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The False Equivalency Of Emmanuel Joof’s Brunch Commentary

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Ousman Ceesay, Seattle, WA

In a world where freedom of speech and democratic values are the cornerstones of progressive societies, it is disheartening to witness public figures resort to false equivalencies in their discourse, especially when addressing issues of utmost importance. Emmanuel Joof, the chairman of the National Human Rights Commission, recently made comments during his appearance on the Brunch with Lamin Cham that sparked controversy and criticism. While it is vital to acknowledge Joof’s call for restraint in political rhetoric, his equating of threats originating from the President with the utterances of individuals who lack the power of the state is problematic.

Emmanuel Joof is correct in advocating for restraint in political rhetoric. In any society, it is essential that individuals in positions of power and influence exercise their speech responsibly. Political leaders and influencers have a moral obligation to maintain civil and respectful discourse to foster a healthy political environment. Joof’s call for temperance is commendable, as it aligns with the principles of free speech, open dialogue, and peaceful coexistence within a democratic society.

However, where Joof’s commentary falls short is in his apparent false equivalency. He draws an analogy between the threats emanating from the President, who wields the power of the state machinery, and the statements made by individuals who lack such authority. This false equivalency not only muddles the discourse but also fails to hold those in positions of power accountable for their actions and words.

The President of a country must be held to a higher standard when it comes to rhetoric. President Adama Barrow’s remarks, singling out media houses with vitriol and threatening to re-arrest individuals granted bail by a court of law, are indeed serious violations of democratic principles. These actions, rather than being equated with the statements made by private individuals or political actors who do not hold such power, demand a more forceful condemnation. It is the role of independent bodies like the National Human Rights Commission to unequivocally speak out against such threats to press freedom and the rule of law.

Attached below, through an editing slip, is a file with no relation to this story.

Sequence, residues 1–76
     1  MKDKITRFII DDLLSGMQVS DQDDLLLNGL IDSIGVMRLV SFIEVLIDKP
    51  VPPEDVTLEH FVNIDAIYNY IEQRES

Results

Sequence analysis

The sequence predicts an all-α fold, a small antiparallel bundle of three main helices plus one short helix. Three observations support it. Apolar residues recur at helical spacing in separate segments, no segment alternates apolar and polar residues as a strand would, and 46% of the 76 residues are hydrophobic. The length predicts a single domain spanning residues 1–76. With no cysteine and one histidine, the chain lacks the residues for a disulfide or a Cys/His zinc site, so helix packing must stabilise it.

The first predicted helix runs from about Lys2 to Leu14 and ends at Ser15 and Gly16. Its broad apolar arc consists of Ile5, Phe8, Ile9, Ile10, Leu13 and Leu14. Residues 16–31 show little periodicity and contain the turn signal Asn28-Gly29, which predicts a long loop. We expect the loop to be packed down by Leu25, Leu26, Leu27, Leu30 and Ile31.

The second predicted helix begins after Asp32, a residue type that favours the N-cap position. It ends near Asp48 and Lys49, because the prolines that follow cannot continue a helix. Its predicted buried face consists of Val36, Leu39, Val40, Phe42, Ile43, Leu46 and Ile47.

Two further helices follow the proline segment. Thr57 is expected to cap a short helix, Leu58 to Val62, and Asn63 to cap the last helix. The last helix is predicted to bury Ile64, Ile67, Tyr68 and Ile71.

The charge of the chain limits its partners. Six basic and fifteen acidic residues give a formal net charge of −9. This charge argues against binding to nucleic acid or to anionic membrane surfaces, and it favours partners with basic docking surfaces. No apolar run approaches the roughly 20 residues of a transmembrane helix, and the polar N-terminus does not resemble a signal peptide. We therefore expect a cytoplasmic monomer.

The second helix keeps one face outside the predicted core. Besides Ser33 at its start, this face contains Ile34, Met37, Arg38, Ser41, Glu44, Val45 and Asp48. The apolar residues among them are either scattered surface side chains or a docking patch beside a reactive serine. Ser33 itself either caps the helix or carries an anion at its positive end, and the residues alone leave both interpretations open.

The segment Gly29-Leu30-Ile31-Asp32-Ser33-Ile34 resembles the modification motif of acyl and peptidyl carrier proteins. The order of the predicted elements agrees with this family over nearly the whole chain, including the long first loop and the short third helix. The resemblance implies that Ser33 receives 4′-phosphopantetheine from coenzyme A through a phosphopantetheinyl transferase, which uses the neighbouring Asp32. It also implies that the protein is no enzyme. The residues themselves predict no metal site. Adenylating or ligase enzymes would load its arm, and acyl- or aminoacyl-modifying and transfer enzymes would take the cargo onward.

The National Human Rights Commission, as an esteemed and independent institution, should play a crucial role in upholding human rights, democracy, and the rule of law. When faced with threats to these fundamental tenets, its leadership should lead by example and speak out boldly. Instead of engaging in whataboutism, Chairman Joof should have unambiguously condemned the assault on democracy and the rule of law that emanated from the highest office in the land. His comments not only make him appear indecisive, but also raise questions about the competence of his commission.

To reiterate, while Emmanuel Joof’s call for restraint in political rhetoric is admirable, his false equivalency between the threats made by the President and the statements of private individuals or political actors with no executive authority is problematic. Democracy demands that we hold those in power to a higher standard and that independent institutions like the National Human Rights Commission vigorously defend democratic principles. Chairman Joof’s commentary has failed to do so, and in doing so, it has undermined the credibility and effectiveness of his commission. In these trying times for democracy, it is imperative that leaders and institutions uphold the values they are entrusted to protect.

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